Start by building some awareness about how you use that tempting little device—do you robotically open up Instagram during your lunch break or get sucked into the TikTok void after dinner? “Oftentimes, when you reach for your phone, you’re avoiding uncomfortable feelings or tasks and seeking some kind of distraction,” Sukenik says. While a few minutes of screen time might provide some quick, fleeting relief, excessive scrolling can weigh on your mood and make your day that much harder to deal with, she adds.

Then, come up with things you can do instead of snooping around BeReal or Reddit—this could be anything from doing household chores, journaling, reading a book, or listening to a podcast. The goal is to find activities that “recharge you rather than drain you further, which your phone tends to do,” Sukenik says.

Wind down with some gratitude.

Even if you practiced the above tips, it’s totally possible to reach the end of the day and still feel like your Tuesday was a complete wash (it really, truly can be that awful). Just know: You can still turn things around. Research shows that practicing gratitude can significantly lower stress levels and prevent negative thinking so you don’t get trapped fixating on everything that blows, which, in turn, will make you more content.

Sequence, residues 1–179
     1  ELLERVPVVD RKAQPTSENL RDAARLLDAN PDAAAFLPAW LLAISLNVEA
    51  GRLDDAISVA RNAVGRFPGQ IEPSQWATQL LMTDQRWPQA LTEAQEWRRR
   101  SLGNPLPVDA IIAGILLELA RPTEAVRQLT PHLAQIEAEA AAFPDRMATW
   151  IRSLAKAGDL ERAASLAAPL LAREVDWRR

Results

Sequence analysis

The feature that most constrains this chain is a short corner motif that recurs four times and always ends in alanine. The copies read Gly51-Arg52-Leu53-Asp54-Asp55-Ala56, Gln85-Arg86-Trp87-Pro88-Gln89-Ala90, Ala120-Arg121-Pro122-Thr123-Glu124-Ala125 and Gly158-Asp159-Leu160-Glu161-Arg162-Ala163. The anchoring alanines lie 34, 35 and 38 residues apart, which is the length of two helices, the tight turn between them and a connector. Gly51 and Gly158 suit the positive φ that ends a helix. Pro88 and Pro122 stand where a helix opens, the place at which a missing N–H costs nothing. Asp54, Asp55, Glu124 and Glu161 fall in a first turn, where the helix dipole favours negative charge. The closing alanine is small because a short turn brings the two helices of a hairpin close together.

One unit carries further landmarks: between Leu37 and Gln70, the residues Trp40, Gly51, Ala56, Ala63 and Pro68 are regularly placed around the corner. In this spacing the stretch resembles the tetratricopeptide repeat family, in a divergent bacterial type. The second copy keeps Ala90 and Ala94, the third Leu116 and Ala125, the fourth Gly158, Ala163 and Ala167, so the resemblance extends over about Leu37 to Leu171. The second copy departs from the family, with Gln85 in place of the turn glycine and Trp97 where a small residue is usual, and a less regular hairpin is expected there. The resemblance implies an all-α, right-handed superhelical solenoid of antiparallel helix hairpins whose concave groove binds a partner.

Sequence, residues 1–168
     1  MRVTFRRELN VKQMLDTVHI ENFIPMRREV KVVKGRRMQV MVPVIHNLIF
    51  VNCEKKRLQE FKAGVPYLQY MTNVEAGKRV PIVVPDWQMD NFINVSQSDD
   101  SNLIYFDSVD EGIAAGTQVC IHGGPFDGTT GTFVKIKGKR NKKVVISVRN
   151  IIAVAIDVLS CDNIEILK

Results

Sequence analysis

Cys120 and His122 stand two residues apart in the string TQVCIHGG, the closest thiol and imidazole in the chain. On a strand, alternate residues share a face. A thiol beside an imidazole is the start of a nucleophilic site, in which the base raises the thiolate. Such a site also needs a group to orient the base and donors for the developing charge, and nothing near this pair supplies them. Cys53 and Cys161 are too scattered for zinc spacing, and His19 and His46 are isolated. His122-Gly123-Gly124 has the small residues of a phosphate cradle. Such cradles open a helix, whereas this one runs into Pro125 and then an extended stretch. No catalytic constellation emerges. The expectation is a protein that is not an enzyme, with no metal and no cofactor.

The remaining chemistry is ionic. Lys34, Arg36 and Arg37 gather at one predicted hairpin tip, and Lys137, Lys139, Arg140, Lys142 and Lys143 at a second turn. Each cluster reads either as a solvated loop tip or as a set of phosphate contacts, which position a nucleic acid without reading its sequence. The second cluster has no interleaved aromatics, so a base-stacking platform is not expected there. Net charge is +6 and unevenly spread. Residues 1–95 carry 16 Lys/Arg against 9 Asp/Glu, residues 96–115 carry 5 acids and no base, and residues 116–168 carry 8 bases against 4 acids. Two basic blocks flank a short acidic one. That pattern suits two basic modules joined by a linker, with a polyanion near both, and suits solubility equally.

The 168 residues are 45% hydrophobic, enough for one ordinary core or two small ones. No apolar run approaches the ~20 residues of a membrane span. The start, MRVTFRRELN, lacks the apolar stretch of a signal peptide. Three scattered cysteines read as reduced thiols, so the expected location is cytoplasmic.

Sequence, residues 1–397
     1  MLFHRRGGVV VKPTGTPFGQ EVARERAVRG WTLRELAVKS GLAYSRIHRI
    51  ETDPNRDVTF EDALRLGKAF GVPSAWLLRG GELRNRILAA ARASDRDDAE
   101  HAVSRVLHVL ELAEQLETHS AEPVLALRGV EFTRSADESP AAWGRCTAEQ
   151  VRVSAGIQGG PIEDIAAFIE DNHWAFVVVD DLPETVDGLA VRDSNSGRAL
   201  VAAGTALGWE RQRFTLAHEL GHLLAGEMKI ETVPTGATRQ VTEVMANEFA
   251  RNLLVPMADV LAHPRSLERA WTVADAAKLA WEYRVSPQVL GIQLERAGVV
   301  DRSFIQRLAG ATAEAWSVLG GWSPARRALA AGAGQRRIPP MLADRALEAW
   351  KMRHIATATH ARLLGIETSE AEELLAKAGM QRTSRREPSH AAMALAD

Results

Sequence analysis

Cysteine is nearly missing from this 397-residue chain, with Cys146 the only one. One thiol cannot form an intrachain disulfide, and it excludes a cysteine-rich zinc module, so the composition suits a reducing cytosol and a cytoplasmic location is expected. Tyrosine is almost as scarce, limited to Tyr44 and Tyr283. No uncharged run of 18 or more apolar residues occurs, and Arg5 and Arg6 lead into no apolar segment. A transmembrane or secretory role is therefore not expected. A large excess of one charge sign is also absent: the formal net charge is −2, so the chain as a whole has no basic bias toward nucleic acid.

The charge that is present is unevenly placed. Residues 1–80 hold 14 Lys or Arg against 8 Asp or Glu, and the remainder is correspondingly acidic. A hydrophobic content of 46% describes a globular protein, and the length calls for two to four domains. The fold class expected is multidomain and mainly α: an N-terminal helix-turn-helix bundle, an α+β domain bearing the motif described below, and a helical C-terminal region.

Sukenik recommends a journaling exercise called Three Good Things, a gratitude practice that’s been shown to improve our ability to deal with, well, the horrors of life. It’s simple: Jot down, in an app or notebook, three things you’re thankful for—chances are there were at least a few positives about your day. If things were particularly shitty (it happens!), your wins can be as simple as being able to get through something hard (like being unfairly micromanaged by your very terrible boss) or having a plush bed to lie down in at night. “That is totally okay,” Sukenik says. “You just want to acknowledge what was good.” The payoff: You’ll feel happier and less emotionally zapped.

You don’t necessarily have to try every single tip above, but why not give one or two a shot? Tuesdays may never be your favorite day of the week, but, with a few simple tweaks, you’ll probably find they aren’t quite as diabolical as they’ve been in the past. And that, in my book, is a major win.

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Originally Appeared on SELF